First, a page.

The illustration below was for Newsday, for one of the designers that I get infrequent assignments from. I remember a lot of back and forth on the sketches and layouts, with a lot of editorial opinions weighing in on what type of 'scale' it needed to be and the weights and the angles at which the two sides were to appear. I don't even remember what the story was about (something about balancing your investments I assume). The final product of this 'committee think' project turned out remarkably dull, considering how much debate went into its construction:

Also had a small but complex spot for the Chronicle of Higher Education, something about differening financial paths that are taken by students to eventually reach their degree goals, as opposed to the more conventional basis on which financial aid is assessed.

And of course, the usual 'health care' column for the Wall Street Journal, of which I am endlessly grateful to have, especially when times are slow (a piece on knee replacement pictured above in the first paragraph).

07 June 2007

Direction and Lack Of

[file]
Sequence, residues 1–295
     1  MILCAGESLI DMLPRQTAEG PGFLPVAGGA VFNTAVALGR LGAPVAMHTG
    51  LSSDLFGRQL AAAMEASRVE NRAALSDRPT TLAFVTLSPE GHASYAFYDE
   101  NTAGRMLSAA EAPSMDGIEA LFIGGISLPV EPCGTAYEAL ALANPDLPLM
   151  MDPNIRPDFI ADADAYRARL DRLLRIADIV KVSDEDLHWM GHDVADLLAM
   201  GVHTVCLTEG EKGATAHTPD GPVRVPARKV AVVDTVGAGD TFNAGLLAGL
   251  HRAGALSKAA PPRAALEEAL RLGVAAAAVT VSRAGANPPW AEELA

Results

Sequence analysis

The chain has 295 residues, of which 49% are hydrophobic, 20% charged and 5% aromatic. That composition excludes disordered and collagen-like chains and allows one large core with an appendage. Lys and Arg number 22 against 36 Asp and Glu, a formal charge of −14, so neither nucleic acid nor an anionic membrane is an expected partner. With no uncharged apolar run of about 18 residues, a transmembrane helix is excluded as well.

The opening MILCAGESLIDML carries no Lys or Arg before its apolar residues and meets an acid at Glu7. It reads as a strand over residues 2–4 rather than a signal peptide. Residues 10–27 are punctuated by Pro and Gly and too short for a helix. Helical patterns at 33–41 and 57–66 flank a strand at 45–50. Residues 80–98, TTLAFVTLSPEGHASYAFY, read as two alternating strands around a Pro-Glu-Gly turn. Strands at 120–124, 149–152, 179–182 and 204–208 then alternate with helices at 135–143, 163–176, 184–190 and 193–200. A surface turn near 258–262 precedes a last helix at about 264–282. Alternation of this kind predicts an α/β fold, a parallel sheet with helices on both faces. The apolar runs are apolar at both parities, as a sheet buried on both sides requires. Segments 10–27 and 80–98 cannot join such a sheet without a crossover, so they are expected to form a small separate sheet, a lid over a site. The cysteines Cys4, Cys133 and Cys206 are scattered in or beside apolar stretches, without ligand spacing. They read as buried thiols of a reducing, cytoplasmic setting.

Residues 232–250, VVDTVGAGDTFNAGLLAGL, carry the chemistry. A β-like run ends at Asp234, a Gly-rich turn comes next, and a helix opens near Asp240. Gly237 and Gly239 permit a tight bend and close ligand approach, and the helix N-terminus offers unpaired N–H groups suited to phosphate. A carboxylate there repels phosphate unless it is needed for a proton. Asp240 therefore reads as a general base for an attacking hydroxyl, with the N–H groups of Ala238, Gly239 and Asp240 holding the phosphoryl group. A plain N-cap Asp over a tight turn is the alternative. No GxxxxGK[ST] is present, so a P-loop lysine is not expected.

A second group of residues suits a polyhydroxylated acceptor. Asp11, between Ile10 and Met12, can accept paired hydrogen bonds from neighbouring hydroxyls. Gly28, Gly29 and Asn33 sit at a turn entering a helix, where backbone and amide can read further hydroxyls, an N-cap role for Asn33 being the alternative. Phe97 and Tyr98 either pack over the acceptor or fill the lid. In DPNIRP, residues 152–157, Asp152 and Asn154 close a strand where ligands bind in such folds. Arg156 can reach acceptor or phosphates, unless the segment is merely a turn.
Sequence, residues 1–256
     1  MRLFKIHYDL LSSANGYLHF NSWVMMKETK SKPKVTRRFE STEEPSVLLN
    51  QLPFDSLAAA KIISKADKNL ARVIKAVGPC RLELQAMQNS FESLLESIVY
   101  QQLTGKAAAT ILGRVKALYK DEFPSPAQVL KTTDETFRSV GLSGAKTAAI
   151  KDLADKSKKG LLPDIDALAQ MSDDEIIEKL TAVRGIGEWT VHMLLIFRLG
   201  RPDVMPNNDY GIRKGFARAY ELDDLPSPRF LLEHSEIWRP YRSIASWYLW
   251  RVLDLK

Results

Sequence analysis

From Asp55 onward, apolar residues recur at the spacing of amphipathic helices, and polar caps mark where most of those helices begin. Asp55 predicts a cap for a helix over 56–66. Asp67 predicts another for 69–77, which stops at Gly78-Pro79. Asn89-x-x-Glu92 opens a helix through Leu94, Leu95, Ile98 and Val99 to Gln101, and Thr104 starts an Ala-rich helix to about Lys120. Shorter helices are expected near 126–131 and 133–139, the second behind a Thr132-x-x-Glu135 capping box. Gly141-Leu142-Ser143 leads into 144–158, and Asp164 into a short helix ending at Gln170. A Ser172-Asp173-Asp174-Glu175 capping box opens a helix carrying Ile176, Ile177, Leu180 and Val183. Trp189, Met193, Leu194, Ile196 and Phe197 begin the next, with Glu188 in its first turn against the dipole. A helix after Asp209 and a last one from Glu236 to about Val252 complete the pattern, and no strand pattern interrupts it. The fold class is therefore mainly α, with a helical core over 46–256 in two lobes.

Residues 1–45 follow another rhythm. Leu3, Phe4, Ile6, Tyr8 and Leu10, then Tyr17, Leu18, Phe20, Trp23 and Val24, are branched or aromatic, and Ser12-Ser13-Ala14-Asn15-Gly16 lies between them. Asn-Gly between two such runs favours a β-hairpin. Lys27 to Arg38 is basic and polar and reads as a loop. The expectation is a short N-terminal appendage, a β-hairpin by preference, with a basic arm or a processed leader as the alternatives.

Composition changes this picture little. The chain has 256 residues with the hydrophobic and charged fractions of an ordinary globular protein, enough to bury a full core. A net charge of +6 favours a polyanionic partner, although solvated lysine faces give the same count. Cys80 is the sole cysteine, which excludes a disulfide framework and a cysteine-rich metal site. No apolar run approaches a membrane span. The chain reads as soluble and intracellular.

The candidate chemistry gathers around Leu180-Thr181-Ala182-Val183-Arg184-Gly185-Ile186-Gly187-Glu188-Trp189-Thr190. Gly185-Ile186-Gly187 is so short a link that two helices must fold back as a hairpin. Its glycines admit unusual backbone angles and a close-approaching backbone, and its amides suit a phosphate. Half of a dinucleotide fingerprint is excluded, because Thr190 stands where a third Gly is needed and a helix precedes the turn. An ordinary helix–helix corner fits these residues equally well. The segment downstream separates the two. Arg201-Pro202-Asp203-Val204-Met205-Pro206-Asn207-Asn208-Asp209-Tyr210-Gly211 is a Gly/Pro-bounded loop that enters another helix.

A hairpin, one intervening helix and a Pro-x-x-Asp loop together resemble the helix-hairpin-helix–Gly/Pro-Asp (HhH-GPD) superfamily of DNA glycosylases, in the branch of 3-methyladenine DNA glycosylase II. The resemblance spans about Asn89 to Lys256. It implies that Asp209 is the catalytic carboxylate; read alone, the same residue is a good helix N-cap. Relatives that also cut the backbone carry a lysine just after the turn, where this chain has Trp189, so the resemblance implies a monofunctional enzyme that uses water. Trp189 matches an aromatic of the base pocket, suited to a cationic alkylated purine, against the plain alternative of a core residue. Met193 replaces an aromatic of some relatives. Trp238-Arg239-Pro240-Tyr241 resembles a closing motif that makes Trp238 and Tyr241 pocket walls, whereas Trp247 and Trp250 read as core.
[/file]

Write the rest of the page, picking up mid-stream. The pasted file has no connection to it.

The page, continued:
The above assignment for the American Bar Association that I completed in early June is a good example of a type of project where I'm given a lot of direction by the editor/designer. The illustration below, from an assignment for the Chronicle of Higher Education, is another example, although a little less so (in the illustration above, I was given an actual sketch of the idea, laying out each of the individual characters right down to their sex and racial characteristics, while in the illustration below, I was just given a verbal description of what the editors wanted to see). The remainder of the illustrations for this period of time that I am writing about in this blog entry are the other extreme end of the spectrum, where I was given little other than the text of the article and given total freedom to come up with whatever I felt would best fit the story. I prefer somewhere in the middle of these two extremes, a hint of an idea that I can improve upon, but not so much as to chain me to a certain image. But that is not a tried and true rule of thumb for all situations. Sometimes I can come up with a great idea from almost nothing, and other times I flounder and scratch my head and come up empty. Sometimes an over-directed project ends up stale and lifeless, and other times it turns out wonderful, where I'm able to completely free up my mind from conceptualizing and concentrate on a good image. The variety is probably what keeps me going.